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Saturday, May 9, 2009

Roaming around Romania

Think of Romania and almost instantly your mind will wonder to Transylvania and visions of Dracula. Or, you might envision gypsy fortunetellers scrying into their smoked-filled crystal balls. Bucharest or “Little Paris” as it was once called also awaits the wondering tourist with tree-lined boulevards and outdoor cafes just calling to be discovered. Of course there is also the call of the wild because the wolf (my favorite creature) is still a popular and well-liked animal in this county. What else? Not to be outdone by Hollywood, films such as “Cold Mountain” have also been made here in which Romania was substituted for the Appalachians.

But I didn’t really know any of this when I arrived other than the sundry legends, the jokes my friends had made about garlic, crucifixes and Vlad the Impaler, and a vague memory of gypsy caravans being pulled by worn out horses - but more on that later.
More about the little lost lamb and the Ukraine border patrol yielding some mighty strong brass as well, but okay, I promise all that will come soon enough because you see I discovered a lot more than I expected on my first trip to Romania.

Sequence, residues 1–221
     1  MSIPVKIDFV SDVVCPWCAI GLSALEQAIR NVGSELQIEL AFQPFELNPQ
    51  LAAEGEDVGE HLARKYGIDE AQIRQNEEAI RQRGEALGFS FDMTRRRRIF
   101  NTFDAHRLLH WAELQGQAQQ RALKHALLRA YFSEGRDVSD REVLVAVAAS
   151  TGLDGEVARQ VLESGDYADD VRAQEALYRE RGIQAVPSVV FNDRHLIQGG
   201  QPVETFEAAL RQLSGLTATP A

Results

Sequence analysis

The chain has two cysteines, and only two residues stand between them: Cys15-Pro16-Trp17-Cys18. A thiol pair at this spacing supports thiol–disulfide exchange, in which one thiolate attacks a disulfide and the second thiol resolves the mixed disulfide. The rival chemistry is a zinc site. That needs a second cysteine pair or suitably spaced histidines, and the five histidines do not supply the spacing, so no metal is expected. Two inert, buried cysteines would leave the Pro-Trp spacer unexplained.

Romania actually has 25 UNESCO World Heritage Sites and quite a few medieval cities that are still intact. Transylvania is said to sit on one of the earth’s most powerful magnetic fields and vampires are believed to hang out at crossroads here on St. George’s Day (April 23) and the eve of St. Andrew (November 29).

However, before I could learn any of this I had to arrive and arrive I certainly did. I’d come in with my colleague from Budapest, Hungary on a train in the Eurail system. Not too bad, but it wasn’t the Orient Express (especially when you can see the ground swishing by from the toilet in the restroom, it’s a bit unsettling, but at least there is a toilet.)
Arriving in Oradea we found our guide, who turned out to be a retired teacher, thus my constant questioning about “the Communist times” did not put him off one bit and it certainly gave me a better understanding of the country.
It really is important to know a little history of Romania before visiting, especially the more modern history such as the fact that post WWII Romania was a communist-block country whose dictator was a real tyrant by the name of Nicolae Ceausescu. In 1989 the national uprising led to his overthrow and death and now Romania has freedom of speech, religion and private ownership.